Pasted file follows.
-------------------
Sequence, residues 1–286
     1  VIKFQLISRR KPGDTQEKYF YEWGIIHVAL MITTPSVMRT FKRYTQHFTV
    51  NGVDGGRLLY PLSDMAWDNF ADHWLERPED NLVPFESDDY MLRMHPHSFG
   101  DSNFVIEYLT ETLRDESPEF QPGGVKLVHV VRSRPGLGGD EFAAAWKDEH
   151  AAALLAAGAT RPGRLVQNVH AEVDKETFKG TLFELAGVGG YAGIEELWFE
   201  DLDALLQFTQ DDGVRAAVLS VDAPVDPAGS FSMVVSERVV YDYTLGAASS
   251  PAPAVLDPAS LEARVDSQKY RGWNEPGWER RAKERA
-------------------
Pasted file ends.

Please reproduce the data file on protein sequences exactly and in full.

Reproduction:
Sequence, residues 1–286
     1  VIKFQLISRR KPGDTQEKYF YEWGIIHVAL MITTPSVMRT FKRYTQHFTV
    51  NGVDGGRLLY PLSDMAWDNF ADHWLERPED NLVPFESDDY MLRMHPHSFG
   101  DSNFVIEYLT ETLRDESPEF QPGGVKLVHV VRSRPGLGGD EFAAAWKDEH
   151  AAALLAAGAT RPGRLVQNVH AEVDKETFKG TLFELAGVGG YAGIEELWFE
   201  DLDALLQFTQ DDGVRAAVLS VDAPVDPAGS FSMVVSERVV YDYTLGAASS
   251  PAPAVLDPAS LEARVDSQKY RGWNEPGWER RAKERA